In recent years, U.S. tobacco manufacturers have responded to declining domestic consumption by aggressively promoting their products in Asia and other foreign markets. Their efforts have resulted in increased tobacco use and increased health risks in Asia. This Note discusses the legal implications of U.S. tobacco marketing in Asia, particularly the disadvantages faced by Asians who might wish to challenge U.S. tobacco manufacturers in court. The author first describes tobacco promotion In Asia and the limited potential for recovery against U.S. tobacco companies by Asian plaintiffs in their domestic courts. The Note then contrasts the limitations Asian plaintiffs face in their own courts with the increasingly bright picture for U.S. plaintiffs in United States courts. The author also acknowledges the likelihood that access to United States courts would be denied potential Asian plaintiffs. The Note concludes by exploring the human rights dimension in the aggressive promotion of U.S. tobacco overseas, particularly the threat it poses to the rights to health and to a healthy environment.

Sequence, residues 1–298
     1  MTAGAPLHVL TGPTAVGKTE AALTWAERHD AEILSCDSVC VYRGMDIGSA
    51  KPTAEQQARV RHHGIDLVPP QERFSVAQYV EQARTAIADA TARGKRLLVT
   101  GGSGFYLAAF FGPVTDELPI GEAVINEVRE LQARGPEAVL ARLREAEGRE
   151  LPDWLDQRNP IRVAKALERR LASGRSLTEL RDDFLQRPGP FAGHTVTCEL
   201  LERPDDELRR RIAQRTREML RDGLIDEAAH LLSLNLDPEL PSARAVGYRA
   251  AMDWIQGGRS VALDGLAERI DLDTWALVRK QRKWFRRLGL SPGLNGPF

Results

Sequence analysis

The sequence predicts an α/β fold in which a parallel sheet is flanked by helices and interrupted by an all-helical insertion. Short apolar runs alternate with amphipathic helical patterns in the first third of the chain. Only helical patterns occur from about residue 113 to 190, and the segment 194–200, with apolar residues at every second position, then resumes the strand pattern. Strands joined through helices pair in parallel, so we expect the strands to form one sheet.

The Marlboro Man in Asia: U.S. Tobacco and Human Rights,
29 Vanderbilt Law Review
Available at: https://scholarship.law.vanderbilt.edu/vjtl/vol29/iss2/4